Cannes: the festival that became a carnival but never changed
A view from Peter Hubbell

Cannes: the festival that became a carnival but never changed

Creativity endures, and always will, says the CEO of BoomAgers.

Cannes may still be an international festival of creativity, but it’s become more popular to write about what’s changed. To lament the fact that this annual summer escape to celebrate creativity with gaiety has become (omg) another big, busy business conference. Hey, there’s no doubt that Cannes has taken on a commercial appearance, its Croissette now looking more like a carnival boardwalk than an esplanade. You can’t miss it (look for the Ferris Wheel) as it courses through the center of the event, hosting barkers housed in rows of tents, all peddling their latest attractions. Step right up.  

As gaudy as this may seem to those accustomed to attending the earlier festivals of fascinating creativity, rest assured that what matters most has not changed. As the French themselves would say, plus ça change, plus c’est la même chose, i.e. the more it changes, the more it is the same thing. Far from the madding crowd of the carnival, juries still judge creativity in dark rooms, creativity is still an intangible, and improbably, the submissions get better every year.

Here are 5 reasons why the business carnival at Cannes is still a festival of creativity:

It still has creativity at its core: While the reason that many people now go to Cannes has changed, the reason that the world’s best creativity also goes there has not. It goes there to be celebrated so we can honor the brilliant minds capable of conceiving the world’s best ideas. As artificial intelligence makes its inroads to marketing, creativity is still the province of human imagination. Recognition will always be what motivates humans to be their best, and no one does recognition better than Cannes. Leaving the carnival with an armful of prizes never gets old.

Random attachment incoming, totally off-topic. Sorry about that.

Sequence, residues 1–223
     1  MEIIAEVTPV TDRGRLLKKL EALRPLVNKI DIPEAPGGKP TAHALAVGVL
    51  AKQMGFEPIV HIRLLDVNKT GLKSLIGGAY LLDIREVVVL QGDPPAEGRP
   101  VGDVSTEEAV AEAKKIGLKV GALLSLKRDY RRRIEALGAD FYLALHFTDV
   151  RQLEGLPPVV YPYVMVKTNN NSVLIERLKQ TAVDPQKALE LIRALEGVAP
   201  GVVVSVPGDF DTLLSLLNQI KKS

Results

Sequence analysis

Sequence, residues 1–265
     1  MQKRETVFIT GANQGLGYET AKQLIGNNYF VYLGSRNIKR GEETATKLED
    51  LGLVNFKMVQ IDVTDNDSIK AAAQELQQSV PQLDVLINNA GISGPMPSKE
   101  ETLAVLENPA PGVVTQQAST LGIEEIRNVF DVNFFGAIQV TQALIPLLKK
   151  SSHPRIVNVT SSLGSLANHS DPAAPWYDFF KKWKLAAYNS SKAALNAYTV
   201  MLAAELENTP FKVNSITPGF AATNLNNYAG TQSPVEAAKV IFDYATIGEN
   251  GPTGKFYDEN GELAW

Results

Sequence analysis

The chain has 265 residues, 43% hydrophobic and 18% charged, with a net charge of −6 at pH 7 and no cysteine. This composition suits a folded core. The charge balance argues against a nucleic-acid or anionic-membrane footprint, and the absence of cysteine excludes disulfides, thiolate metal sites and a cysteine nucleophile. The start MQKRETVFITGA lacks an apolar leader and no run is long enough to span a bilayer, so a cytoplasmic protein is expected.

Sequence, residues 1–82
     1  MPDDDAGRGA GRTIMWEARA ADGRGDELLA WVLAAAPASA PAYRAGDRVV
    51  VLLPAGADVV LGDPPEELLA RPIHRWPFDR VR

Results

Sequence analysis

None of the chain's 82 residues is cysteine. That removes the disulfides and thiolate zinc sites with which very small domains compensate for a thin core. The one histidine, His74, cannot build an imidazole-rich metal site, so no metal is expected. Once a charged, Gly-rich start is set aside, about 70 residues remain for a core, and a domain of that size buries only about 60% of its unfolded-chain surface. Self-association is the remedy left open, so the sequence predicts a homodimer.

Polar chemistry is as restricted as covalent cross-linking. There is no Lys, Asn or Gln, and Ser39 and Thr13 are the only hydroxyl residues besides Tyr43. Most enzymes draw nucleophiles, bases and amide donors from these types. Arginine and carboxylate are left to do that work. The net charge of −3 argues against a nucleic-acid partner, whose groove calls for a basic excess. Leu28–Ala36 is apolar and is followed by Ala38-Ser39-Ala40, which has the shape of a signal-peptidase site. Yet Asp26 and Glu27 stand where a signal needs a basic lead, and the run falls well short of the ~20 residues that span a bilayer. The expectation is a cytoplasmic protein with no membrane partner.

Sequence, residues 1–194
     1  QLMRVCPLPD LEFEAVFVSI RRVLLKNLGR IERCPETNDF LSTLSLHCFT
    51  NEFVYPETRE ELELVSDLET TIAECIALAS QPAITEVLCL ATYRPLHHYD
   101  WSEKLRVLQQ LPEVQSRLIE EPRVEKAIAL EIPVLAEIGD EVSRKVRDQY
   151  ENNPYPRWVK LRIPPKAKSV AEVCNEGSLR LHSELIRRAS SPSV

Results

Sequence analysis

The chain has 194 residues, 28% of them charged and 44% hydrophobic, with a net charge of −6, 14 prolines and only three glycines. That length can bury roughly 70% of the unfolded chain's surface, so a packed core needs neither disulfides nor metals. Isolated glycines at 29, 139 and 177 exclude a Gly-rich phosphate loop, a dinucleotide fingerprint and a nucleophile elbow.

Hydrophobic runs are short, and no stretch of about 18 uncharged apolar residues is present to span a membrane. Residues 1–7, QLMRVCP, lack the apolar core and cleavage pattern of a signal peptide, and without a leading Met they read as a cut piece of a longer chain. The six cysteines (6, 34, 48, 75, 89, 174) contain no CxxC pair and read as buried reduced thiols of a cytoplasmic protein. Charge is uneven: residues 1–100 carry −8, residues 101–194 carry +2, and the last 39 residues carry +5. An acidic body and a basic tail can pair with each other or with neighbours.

The bar keeps getting higher: In the pre-carnival days, a cynic could say that Cannes was simply a frivolous measure of creativity by and for creatives. But now that the clients who approve and fund the work have "bought in" to Cannes, the bar now matters, with more marketers wanting to be measured by the Cannes standard. What’s more, the number and array of awards categories have simultaneously expanded, creating still more bars that are increasing the standard of global creativity like compounded interest.

The boundaries have gone away: When Cannes was the International Advertising Festival, creativity was hemmed in by the definition of advertising and the borders of pages and screens. How inspiring is it that ideas like "Fearless Girl" and "Meet Graham" are all the rage this year? Sculptures winning Lions? What would Rodin think?

Fads are fading faster: Creativity is fundamentally about doing new things in new ways, which makes it prone to fads. But, the high stakes at Cannes penalizes and purges the familiarity of fads. Experiments and stunts are still in play, but this year many more of them have upped their game by serving a higher calling, e.g. Heineken’s opportunistic political ad - "Worlds Apart" - and its ambition to open people’s minds.

So while we’re on the topic of fads, everyone at Cannes is asking what’s next? I just consulted Madame Zola – the best palm reader on the boardwalk – and she told me it would be truth, honesty and authenticity to help create equilibrium in a world of fake news. If she’s right – and I hope she is – don’t expect the House of Mirrors to be back at Cannes next year.

More is being done on purpose: The Grand Prix for Good is a good thing. The Dalai Lama once said that our prime purpose in life is to help others. It’s heartening to see Cannes’ growing commitment to cause related efforts, especially those that are altruistically (vs. commercially) motivated. Some of these efforts are ambitious, but for the most creative minds in the world, worthy, lofty ambitions should be well within reach. As we set our minds to pressing topics like climate change, human rights and gender equality, let’s not forget about ageism. The world is aging at an unprecedented rate, so it’s time to get real about media, marketing and entertainment that’s truly "age-nostic."

So there’s good news in all of this: the carnival at Cannes is still a festival. Yes, it’s bigger now, but the bright side of big says there’s now more room for the revelry and merrymaking that serves a purpose that is uniquely Cannes – to truly celebrate creativity, one of the greatest expressions of human enthusiasm. Leave it to that whiz Einstein to remind us that creativity is what happens when we let intelligence have some fun. Never forget that this festival is still the best in the world at inspiring the ideas that gives marketing a purpose to be proud of. 

Peter Hubbell is the CEO and Founder of BoomAgers, an agency and consultancy dedicated to aging consumers.